If anyone accidentally ingests philodendron and they find it difficult to breathe or their tongue starts to swell up, it is important to seek medical attention immediately to avoid suffocation. If you have very young children or pets who have a tendency to tear at plants, keep them away from any philodendrons.

Peace Lily

Peace Lily
Peace lilies produce stunningly white flowers that bring to mind peace and serenity. This is one reason they are invited into our homes and given a place to stay. However, similar to philodendrons, the peace lily contains oxalate crystals known as raphides.

The raphides, once ingested, will cause swelling and burning sensations and can also cause skin irritation. Both pets and humans can get these symptoms so it is important to keep these plants from anyone who is likely to tear or chew it. Symptoms can become dire if the raphides cause the tongue and throat to swell to a point where the person or pet is having difficulty breathing. Seek proper medical attention if this is the case.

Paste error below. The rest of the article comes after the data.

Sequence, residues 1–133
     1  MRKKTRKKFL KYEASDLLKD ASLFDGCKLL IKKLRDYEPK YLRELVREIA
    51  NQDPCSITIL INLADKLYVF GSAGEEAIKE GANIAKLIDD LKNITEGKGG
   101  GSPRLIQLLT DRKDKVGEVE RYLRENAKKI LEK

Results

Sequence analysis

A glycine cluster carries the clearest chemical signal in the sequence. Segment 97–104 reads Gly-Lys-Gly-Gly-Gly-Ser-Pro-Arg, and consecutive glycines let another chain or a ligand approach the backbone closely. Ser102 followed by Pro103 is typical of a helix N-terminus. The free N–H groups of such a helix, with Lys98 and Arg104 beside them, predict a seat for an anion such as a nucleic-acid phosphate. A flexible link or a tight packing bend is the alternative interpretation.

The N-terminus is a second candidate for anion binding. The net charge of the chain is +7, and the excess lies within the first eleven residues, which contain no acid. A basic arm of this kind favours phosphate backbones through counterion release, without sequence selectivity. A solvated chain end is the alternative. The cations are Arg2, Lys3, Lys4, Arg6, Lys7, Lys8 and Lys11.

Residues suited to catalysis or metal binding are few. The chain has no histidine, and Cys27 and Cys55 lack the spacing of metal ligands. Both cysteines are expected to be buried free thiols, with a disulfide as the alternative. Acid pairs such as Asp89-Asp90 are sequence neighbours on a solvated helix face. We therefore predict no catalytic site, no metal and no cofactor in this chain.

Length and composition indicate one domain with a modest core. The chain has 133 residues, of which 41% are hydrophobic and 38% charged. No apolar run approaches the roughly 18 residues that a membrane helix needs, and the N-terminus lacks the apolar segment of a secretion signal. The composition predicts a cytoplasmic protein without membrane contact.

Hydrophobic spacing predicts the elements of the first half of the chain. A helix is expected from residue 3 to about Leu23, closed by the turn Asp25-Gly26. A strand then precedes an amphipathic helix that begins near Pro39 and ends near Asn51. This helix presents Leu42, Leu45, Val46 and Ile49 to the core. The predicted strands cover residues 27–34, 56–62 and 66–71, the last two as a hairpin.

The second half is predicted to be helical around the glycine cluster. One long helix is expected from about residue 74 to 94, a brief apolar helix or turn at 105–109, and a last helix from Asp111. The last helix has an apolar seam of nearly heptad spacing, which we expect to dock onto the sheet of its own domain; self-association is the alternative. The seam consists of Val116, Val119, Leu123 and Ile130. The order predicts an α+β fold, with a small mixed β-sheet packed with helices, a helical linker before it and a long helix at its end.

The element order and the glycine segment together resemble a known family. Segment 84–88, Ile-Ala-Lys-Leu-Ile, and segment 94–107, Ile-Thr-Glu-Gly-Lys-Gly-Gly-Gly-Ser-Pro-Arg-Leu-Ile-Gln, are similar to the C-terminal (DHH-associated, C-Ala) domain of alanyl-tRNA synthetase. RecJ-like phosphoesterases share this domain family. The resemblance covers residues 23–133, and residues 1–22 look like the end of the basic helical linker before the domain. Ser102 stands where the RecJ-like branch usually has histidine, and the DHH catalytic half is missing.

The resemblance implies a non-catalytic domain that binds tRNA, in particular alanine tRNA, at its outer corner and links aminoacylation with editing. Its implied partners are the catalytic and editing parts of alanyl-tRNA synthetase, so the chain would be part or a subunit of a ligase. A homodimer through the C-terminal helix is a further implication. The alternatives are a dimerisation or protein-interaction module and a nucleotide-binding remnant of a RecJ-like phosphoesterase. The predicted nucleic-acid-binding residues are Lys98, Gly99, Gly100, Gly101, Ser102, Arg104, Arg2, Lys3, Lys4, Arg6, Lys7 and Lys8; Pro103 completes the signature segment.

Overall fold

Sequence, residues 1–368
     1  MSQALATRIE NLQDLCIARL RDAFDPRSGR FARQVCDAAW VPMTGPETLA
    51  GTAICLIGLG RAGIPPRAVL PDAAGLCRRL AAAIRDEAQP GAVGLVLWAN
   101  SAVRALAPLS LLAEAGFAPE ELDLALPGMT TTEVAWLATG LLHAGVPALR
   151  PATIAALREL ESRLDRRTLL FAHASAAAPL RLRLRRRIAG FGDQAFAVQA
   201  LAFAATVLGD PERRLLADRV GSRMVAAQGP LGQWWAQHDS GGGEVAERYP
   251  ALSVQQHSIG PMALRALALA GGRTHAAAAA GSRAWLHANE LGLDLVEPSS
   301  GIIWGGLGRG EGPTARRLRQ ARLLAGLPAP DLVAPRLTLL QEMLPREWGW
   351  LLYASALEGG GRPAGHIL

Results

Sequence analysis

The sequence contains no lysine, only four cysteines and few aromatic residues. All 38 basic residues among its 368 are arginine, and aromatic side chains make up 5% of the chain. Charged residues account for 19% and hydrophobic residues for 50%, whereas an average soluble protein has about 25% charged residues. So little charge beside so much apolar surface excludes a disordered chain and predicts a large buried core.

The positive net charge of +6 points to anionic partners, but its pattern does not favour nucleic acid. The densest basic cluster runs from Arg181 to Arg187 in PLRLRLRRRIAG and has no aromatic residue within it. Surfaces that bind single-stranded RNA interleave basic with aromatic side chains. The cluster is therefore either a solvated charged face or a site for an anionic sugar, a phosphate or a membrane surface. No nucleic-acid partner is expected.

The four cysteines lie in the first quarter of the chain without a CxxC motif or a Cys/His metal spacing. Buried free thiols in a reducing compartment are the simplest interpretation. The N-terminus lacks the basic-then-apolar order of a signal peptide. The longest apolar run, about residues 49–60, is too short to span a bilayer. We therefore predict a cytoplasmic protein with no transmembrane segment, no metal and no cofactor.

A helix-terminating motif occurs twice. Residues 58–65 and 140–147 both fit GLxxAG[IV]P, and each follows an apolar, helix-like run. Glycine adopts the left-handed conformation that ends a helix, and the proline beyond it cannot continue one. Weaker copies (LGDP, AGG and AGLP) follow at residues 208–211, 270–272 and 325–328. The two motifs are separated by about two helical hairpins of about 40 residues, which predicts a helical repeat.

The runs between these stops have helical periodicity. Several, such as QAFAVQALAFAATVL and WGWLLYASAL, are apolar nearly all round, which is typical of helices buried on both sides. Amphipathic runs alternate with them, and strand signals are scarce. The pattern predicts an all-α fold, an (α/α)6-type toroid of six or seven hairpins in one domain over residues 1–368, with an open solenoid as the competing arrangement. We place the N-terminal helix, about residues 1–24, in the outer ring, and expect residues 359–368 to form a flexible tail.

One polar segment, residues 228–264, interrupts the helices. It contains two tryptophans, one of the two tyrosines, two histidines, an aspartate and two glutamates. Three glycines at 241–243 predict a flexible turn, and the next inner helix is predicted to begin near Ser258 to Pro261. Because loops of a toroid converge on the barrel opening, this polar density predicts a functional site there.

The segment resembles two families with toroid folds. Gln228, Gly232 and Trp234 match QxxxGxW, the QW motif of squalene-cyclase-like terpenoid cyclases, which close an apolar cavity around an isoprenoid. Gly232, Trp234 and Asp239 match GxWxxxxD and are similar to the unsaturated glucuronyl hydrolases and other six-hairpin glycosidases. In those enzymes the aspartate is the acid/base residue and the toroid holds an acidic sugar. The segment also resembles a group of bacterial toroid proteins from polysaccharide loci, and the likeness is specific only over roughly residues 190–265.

Snake Plant

Snake Plant
The snake plant is an interesting and popular house plant. Its stark architecture and wavy coloring has made it a fan favorite. This plant too, however, is toxic when ingested or if the sap touches your skin.

Snake plant sap will cause rashes if it comes into contact with your skin. In addition, it will cause diarrhea and vomiting when ingested. Again these symptoms are very serious and would be best avoided by keeping snake plants out of reach or by choosing a different houseplant.
Common Toxic Garden Plants
Common Toxic Garden Plants

Daffodil

Daffodil